Proper Site Selection Based on Texas Railroad Commission Regulations
Solar developers can further limit the risk of mineral estate interference and future accommodation doctrine issues, if any, by reviewing past oil and gas production and regulations promulgated by the Commission or cities. The Commission has the authority to pass spacing and density regulations applicable to oil, natural gas, coal, and uranium extraction activities. Many cities can pass further ordinances and regulations as long as they do not conflict with those of the Commission.
With the help of an energy attorney and an oil and gas engineer, the solar developer can review past production and Commission and city regulations to ensure that:
the project is allowing enough acreage for a mineral owner to reasonably develop the minerals, which ensures proper compliance with the accommodation doctrine;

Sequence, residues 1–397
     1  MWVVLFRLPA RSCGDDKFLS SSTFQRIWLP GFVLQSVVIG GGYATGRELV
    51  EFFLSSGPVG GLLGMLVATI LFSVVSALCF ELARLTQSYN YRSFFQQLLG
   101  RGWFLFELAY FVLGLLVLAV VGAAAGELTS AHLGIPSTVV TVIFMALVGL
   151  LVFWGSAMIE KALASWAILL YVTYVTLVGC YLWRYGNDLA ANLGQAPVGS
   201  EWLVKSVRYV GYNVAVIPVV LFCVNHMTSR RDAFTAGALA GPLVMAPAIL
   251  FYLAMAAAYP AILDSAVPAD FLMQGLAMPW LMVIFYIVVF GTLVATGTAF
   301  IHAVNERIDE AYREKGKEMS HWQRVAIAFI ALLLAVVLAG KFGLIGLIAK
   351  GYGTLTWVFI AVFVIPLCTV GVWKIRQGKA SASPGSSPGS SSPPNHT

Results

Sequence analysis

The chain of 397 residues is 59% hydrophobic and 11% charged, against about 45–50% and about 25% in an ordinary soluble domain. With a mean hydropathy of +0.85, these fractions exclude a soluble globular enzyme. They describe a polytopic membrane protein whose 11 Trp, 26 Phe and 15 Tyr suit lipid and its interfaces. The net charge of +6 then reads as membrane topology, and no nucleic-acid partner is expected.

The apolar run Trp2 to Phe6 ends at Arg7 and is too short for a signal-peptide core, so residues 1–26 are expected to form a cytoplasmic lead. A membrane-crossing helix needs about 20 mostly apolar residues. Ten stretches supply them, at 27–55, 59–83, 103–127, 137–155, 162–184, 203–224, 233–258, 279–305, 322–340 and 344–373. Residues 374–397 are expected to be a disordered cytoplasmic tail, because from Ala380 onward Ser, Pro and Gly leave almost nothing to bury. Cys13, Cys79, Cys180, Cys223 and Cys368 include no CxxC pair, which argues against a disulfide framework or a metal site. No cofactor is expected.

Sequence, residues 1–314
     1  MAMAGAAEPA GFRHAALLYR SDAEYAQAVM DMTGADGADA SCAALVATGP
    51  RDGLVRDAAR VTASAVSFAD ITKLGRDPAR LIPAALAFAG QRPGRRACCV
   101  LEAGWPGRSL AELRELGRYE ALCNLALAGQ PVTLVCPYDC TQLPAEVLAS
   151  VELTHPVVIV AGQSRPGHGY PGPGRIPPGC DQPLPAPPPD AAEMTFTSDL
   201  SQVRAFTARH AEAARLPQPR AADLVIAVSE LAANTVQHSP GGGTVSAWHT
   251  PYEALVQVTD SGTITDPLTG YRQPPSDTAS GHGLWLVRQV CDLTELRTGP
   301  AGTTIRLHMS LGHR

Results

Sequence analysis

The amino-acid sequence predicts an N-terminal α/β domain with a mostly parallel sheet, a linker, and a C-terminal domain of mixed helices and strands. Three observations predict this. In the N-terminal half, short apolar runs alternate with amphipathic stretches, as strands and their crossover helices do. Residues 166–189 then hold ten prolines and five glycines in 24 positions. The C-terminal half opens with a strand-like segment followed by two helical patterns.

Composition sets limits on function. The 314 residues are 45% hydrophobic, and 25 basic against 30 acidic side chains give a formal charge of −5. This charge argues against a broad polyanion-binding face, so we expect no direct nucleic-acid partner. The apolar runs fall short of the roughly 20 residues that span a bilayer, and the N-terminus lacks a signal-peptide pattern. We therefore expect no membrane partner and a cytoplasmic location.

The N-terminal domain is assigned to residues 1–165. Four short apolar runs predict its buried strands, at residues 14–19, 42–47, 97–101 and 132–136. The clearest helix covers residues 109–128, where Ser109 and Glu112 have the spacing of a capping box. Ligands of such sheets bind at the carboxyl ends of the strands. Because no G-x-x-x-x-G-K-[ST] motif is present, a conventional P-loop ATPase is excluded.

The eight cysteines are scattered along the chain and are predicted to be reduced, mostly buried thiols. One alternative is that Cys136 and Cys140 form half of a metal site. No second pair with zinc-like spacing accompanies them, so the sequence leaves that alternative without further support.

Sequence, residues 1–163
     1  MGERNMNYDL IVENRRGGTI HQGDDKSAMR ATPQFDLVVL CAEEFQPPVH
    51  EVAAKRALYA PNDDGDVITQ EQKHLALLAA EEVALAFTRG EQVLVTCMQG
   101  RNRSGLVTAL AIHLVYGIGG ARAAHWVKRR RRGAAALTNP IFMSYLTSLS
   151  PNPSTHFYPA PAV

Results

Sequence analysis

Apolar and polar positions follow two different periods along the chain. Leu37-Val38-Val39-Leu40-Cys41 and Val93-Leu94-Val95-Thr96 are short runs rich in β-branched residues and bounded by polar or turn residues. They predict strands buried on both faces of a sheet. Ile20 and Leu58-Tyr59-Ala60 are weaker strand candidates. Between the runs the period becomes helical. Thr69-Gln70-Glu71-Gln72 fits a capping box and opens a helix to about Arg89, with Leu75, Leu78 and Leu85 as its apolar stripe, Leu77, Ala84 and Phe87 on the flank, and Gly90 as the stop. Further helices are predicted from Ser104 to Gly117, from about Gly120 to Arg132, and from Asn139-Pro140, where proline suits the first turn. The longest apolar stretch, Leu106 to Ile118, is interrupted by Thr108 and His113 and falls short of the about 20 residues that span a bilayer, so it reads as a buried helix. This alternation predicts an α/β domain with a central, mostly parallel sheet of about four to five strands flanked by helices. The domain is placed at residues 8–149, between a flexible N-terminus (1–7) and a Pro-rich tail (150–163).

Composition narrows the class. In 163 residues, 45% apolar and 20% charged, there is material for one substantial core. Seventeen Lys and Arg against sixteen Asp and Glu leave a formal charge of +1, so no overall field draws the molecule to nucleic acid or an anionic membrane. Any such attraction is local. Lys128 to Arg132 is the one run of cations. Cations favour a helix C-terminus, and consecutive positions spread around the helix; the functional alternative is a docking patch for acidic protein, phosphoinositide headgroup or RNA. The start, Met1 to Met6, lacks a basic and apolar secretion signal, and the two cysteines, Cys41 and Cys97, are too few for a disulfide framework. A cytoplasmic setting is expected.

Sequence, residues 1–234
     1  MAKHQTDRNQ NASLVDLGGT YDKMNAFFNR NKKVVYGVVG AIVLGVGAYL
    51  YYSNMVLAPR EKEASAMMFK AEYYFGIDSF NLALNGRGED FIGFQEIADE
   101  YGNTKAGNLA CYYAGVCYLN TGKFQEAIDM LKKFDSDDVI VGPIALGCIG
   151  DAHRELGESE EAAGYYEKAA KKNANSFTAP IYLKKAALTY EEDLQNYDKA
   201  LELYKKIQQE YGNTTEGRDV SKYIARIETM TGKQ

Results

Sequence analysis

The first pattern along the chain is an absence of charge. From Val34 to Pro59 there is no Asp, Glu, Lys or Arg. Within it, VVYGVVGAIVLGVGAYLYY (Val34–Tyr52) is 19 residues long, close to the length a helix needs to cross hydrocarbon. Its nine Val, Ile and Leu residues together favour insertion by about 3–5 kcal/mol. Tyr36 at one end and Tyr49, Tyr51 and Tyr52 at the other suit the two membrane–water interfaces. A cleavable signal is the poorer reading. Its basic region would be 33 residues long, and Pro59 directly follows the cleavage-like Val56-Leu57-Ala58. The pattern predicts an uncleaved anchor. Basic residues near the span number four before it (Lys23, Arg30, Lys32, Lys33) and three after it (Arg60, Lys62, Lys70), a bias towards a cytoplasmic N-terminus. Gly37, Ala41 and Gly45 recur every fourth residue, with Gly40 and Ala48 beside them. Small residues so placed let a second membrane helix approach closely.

the solar developer is utilizing areas that are less likely to be used for oil and gas development; and
the solar developer is avoiding areas that an oil and gas company may need to use in the future and that could interfere with the solar developer’s project.
To avoid any delays in developing a solar project caused by mineral rights issues, a prudent solar developer should proactively address mineral issues early in the development process by
having the records searched for mineral severances and having the mineral ownership confirmed;
attempting to enter into surface waiver or accommodation agreements with the correct and necessary mineral owners; and
reviewing past production and Commission and city regulations to ensure that facilities are properly placed.
If the solar developer is unable to obtain the necessary agreements, the accommodation doctrine may in some cases also be a viable option to protect as solar project once it is built if the solar developer complies with the accommodation doctrine requirements. An overview of the accommodation doctrine will be discussed in a future blog post.
Note that mineral rights are extremely fact specific, and developers should analyze and obtain advice for each project on a case-by-case basis.